Music is Our "Bread and Water of Life" 

Iva Bittová 

with Marek Milde 


Photo: archive of Iva Bittova

                                                                                                                                                                   Photo: archive of Iva Bittova 

MM: How has the current situation with the coronavirus affected your life?

IB: Interestingly, at the end of 2019, I first discovered Corona beer. It was the only slightly alcoholic beverage I drank at the pre-Christmas party, because with the start of the New Year 2020 began my period of total abstinence. After a year and a half in the countryside in Upstate New York, this March was full of preparations and expectations for my planned year-long European concert tour, which in a few days suddenly turned into an unrealized dream. Interestingly enough, this situation has not caused me disappointment. Rather, I accepted it as a challenge to think and create completely new values.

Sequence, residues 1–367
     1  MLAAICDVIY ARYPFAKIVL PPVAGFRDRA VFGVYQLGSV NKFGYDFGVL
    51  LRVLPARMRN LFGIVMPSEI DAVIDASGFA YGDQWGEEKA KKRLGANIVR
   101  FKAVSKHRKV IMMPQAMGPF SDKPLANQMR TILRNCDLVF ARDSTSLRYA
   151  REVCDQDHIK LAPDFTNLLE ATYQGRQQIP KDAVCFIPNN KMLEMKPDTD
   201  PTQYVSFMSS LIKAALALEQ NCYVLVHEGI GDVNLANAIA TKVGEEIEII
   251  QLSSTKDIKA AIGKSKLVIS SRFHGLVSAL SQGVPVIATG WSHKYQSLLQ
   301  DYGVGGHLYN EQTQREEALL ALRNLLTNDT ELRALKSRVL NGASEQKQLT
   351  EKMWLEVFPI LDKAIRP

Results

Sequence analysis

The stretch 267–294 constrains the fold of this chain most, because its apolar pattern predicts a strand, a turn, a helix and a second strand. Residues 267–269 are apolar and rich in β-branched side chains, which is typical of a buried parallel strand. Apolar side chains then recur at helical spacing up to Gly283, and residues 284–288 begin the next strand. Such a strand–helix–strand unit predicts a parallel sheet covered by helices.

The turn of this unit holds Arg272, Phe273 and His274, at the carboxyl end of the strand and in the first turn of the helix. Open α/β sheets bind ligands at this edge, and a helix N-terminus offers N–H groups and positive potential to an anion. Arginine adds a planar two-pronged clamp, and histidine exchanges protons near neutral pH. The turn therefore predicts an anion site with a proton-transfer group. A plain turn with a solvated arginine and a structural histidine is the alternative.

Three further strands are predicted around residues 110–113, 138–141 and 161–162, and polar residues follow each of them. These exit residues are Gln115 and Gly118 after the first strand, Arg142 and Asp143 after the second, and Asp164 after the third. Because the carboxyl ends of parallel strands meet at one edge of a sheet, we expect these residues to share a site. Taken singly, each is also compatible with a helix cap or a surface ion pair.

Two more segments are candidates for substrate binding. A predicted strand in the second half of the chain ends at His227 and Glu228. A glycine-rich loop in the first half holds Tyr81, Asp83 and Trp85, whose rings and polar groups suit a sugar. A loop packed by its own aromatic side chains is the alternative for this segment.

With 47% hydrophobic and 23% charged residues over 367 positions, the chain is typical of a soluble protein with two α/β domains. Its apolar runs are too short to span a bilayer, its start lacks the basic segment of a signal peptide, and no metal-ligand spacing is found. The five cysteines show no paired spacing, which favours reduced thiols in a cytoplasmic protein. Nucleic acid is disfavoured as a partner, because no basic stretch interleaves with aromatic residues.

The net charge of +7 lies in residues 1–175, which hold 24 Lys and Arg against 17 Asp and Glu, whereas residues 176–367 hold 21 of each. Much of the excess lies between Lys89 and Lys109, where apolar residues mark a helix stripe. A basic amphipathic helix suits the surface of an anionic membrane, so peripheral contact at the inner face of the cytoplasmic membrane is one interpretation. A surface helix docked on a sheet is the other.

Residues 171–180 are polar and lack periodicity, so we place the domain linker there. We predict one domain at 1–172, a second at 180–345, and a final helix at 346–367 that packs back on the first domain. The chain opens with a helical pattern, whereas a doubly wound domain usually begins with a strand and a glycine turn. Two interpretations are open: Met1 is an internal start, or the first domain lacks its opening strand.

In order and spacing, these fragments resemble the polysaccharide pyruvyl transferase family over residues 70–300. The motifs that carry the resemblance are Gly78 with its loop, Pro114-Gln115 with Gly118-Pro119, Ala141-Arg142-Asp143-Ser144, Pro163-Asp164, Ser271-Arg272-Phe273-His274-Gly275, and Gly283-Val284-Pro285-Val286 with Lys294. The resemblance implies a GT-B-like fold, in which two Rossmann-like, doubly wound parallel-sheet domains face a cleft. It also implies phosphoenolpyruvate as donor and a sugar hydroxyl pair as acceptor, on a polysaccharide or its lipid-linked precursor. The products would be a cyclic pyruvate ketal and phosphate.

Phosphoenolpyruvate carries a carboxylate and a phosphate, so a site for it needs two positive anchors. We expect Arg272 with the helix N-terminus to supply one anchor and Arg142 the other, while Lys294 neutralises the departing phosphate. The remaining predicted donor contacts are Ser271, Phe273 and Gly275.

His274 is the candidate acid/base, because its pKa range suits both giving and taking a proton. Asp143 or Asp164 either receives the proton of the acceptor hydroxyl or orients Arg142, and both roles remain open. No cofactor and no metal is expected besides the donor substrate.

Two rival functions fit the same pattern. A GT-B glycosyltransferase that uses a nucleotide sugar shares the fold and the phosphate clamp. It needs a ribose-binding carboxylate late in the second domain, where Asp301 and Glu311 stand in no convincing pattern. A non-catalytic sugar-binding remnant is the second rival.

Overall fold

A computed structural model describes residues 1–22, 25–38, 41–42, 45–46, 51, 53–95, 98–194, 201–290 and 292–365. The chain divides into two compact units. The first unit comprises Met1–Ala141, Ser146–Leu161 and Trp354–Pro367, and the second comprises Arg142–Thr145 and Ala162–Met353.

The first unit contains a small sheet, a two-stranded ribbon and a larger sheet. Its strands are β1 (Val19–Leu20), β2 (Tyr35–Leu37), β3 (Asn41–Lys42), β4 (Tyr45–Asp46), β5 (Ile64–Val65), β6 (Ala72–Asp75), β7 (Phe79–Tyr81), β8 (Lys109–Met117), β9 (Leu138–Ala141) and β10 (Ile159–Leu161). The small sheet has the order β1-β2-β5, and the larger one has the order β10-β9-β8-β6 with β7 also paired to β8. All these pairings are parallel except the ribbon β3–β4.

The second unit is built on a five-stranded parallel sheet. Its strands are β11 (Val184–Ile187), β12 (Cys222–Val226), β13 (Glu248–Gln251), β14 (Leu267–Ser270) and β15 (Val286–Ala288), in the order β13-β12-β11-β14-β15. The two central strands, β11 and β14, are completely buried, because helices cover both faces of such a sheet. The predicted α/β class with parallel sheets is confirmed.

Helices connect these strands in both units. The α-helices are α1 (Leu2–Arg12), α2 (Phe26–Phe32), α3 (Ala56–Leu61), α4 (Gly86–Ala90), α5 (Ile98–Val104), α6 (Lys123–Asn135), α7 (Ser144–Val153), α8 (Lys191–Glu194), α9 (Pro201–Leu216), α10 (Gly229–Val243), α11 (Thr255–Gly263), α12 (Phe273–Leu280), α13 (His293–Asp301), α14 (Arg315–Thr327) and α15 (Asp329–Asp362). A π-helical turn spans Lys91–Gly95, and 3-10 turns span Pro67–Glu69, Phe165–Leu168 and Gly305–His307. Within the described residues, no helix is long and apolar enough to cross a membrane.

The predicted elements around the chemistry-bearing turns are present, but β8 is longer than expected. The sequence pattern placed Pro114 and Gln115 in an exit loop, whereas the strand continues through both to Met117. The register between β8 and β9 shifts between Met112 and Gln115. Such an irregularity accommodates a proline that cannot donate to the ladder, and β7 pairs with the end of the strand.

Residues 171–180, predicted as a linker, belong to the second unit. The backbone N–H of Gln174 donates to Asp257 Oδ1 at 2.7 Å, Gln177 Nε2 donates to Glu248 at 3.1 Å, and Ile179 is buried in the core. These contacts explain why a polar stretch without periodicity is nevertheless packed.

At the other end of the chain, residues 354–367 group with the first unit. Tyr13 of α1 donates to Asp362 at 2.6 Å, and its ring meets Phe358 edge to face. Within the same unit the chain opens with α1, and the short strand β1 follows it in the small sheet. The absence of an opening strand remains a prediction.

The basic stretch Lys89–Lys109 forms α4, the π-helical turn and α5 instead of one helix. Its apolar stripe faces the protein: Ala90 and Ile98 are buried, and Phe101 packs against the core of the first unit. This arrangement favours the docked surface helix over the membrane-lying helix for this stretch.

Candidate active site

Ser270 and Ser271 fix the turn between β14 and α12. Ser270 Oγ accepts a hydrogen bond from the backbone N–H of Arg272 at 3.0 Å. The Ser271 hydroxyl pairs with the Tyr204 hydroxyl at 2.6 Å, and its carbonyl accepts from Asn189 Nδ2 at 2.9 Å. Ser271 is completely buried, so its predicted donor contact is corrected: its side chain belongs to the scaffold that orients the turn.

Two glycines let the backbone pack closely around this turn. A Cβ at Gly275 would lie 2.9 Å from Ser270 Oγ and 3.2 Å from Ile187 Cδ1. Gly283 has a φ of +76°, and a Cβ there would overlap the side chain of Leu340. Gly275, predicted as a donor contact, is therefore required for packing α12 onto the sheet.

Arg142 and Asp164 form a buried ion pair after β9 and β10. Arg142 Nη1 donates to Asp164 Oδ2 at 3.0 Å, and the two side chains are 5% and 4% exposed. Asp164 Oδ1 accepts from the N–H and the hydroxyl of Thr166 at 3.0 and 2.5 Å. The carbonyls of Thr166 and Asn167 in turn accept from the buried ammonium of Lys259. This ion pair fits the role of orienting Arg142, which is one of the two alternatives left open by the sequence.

MM: At the moment, you cannot play and sing publicly, which must be very hard. How do you deal with it? Where do you find the energy to create?

IB: In silence and nature, I listen to inner voices and wait for new signals.

There are many of these thoughts and they are very loud. Meanwhile, I am waiting and slowly preparing to calmly start creating again. I already feel that it is important to let go of vibrations and shout out essential thoughts with your voice. I wonder how it will go…

MM: You have been living in New York for many years. Could you talk about how New York has influenced your work, what inspires you, where has New York taken you?

IB: Since 2007, I have had my nest in the woods in Upstate NY, and I perceive all the sounds as music and write them down as notes. Even the silence that prevails these days has astonishing intensity and is a melody of its own. Mother Nature is enjoying the peace and regenerating. The air is clear and the visibility is incredibly focused. It is a significant inspiration not only for music, but also for the sentient human being.